Selma Bridge Crossing Jubilee To Honor Civil Rights Icons

FILE - In this Jan. 4, 2012, file photo, civil rights activist C.T. Vivian sits at his home in Atlanta. This Sunday, March 7, 2021, marks the 56th anniversary of the Selma marches and "Bloody Sunday," when more than 500 demonstrators gathered on March 7, 1965, to demand the right to vote and cross Selma's Edmund Pettus Bridge. The March 7, 2021, Selma Bridge Crossing Jubilee will be the first without the towering presence of John Lewis, as well as the Rev. Joseph Lowery, Vivian and attorney Bruce Boynton, who all died in 2020. (AP Photo/David Goldman, File)
FILE - In this Jan. 4, 2012, file photo, civil rights activist C.T. Vivian sits at his home in Atlanta. This Sunday, March 7, 2021, marks the 56th anniversary of the Selma marches and "Bloody Sunday," when more than 500 demonstrators gathered on March 7, 1965, to demand the right to vote and cross Selma's Edmund Pettus Bridge. The March 7, 2021, Selma Bridge Crossing Jubilee will be the first without the towering presence of John Lewis, as well as the Rev. Joseph Lowery, Vivian and attorney Bruce Boynton, who all died in 2020. (AP Photo/David Goldman, File)
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DETROIT (AP) — Bernard Lafayette Jr. was a young activist emerging from the 1961 sit-ins and Freedom Rides that fought for Black civil rights and an end to racial segregation when he received his next assignment.

It was one that would help change the course of American history.

“I looked on the blackboard and they had an ’X’ through Selma,” Lafayette, now 80, recalled in an interview with The Associated Press, referring to the Alabama city that would become emblematic of the fight to secure Black voting rights and the 1965 marches that were a turning point in that struggle.

The Student Nonviolent Coordinating Committee, the youth civil rights arm, had sent two teams to scout out the city.

“Both teams came back and said ‘No, we’re not going to Selma,’" Lafayette said. “And they gave the same reason: ‘The white folks were too mean and the Black folks were too scared.'''

“But I was determined,” said Lafayette, who at 22 was painfully aware of the risk after being badly beaten by a white mob in Montgomery, Alabama, while taking part in Freedom Ride protests there against segregated bus terminals.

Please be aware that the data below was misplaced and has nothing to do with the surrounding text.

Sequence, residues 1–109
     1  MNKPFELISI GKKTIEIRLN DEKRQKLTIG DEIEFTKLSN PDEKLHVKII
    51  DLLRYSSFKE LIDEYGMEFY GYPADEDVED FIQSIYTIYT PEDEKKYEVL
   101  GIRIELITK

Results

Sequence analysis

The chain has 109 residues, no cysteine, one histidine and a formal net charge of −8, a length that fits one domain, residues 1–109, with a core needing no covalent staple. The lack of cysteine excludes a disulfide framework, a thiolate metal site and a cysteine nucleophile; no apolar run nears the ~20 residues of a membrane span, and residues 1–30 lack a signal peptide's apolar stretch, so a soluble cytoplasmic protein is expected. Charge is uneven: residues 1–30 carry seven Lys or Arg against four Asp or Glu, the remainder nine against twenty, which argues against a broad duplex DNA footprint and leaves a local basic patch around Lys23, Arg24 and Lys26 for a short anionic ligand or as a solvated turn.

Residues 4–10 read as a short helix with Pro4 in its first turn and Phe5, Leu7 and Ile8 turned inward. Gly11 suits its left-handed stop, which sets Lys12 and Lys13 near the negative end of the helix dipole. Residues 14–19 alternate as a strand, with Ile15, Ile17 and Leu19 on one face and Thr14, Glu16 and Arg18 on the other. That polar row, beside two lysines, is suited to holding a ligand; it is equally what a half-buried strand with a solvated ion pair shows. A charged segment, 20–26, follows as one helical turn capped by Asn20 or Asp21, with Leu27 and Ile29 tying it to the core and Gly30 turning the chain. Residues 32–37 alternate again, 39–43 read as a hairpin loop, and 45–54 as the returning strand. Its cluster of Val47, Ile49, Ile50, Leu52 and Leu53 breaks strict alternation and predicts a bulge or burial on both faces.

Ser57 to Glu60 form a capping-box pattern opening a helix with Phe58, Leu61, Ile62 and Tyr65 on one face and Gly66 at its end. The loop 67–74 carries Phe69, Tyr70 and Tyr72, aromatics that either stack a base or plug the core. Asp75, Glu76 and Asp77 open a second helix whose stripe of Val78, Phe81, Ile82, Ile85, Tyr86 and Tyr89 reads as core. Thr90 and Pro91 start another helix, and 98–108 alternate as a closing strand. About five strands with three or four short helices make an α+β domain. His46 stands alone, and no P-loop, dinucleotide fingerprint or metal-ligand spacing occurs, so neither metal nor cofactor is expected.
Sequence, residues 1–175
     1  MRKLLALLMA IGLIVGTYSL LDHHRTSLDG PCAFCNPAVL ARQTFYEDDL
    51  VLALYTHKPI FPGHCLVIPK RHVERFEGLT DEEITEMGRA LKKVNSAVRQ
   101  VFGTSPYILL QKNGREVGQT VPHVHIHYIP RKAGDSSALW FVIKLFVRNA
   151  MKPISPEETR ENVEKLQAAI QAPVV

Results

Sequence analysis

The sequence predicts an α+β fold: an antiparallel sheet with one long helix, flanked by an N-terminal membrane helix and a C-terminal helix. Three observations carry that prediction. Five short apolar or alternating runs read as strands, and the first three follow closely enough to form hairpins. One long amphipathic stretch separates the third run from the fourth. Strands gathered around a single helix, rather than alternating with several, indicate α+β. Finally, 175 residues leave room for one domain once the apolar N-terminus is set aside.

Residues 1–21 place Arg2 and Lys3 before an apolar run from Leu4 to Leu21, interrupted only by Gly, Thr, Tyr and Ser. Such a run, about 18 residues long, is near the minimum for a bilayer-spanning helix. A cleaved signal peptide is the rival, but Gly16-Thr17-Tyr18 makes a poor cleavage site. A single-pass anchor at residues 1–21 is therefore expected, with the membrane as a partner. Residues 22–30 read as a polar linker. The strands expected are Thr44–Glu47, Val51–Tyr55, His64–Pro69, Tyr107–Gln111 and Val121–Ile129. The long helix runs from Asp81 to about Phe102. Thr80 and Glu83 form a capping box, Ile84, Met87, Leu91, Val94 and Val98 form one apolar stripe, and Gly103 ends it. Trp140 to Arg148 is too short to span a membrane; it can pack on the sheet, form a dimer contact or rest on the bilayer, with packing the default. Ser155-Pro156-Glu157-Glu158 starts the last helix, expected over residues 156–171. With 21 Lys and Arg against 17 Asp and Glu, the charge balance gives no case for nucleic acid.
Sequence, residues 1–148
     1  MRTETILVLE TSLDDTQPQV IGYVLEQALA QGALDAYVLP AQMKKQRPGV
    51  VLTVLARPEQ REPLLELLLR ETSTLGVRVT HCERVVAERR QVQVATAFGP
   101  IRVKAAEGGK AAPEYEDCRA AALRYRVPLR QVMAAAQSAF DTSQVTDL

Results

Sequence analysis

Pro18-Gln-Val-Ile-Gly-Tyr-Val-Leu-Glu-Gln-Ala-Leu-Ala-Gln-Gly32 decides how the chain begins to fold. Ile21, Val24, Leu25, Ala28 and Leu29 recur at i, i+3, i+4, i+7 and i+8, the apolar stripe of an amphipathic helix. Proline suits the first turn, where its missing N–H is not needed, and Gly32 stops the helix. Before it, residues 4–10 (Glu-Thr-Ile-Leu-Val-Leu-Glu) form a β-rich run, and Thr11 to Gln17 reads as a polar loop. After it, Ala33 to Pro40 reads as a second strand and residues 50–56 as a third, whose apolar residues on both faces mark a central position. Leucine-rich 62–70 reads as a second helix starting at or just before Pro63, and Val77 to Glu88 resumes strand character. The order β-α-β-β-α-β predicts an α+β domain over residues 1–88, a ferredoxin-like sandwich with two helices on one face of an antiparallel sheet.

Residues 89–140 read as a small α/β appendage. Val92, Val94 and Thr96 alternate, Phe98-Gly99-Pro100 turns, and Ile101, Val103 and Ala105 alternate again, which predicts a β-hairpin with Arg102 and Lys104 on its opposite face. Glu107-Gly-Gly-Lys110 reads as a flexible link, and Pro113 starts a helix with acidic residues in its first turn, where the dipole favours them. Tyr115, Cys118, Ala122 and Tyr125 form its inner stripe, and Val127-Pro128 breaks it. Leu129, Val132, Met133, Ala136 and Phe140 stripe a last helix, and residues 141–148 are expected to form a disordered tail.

“I’ll go to Selma,” he recalled saying — words that would place him in the middle of the movement to register Black voters and eventually the 1965 Selma marches.

Sunday marks the 56th anniversary of those marches and “Bloody Sunday,” when more than 500 demonstrators gathered on March 7, 1965, to demand the right to vote and cross Selma’s Edmund Pettus Bridge. They were met by dozens of state troopers and many were severely beaten.

The attack, broadcast on national television, captured the attention of millions and became a symbol of the brutal racism Black Americans endured across the South. Two weeks later, the Rev. Martin Luther King Jr. and thousands of civil rights protesters marched the 49 miles from Selma to the state capital, Montgomery — an event that prompted Congress to eventually pass the Voting Rights Act of 1965.

This year's Selma Bridge Crossing Jubilee will be the first without the towering presence of civil rights icons Congressman John Lewis, the Rev. Joseph Lowery, the Rev. C.T. Vivian and attorney Bruce Boynton, who all died in 2020.

It will also be largely virtual because of the coronavirus pandemic, and comes at a time when the nation is still reckoning with the convergence of three crises that have disparately impacted Black Americans — the pandemic, its ensuing economic fallout and the racial injustice movement.

Organizers, activists and civil rights leaders say this year’s event, to be held Friday through Sunday, will honor the memory of civil rights legends and marchers and serve as a rallying cry and reminder that the fight for racial equity must continue.

“Our young people must continue the movement and you’ve got to keep moving in order to bring about that change,” Lafayette said.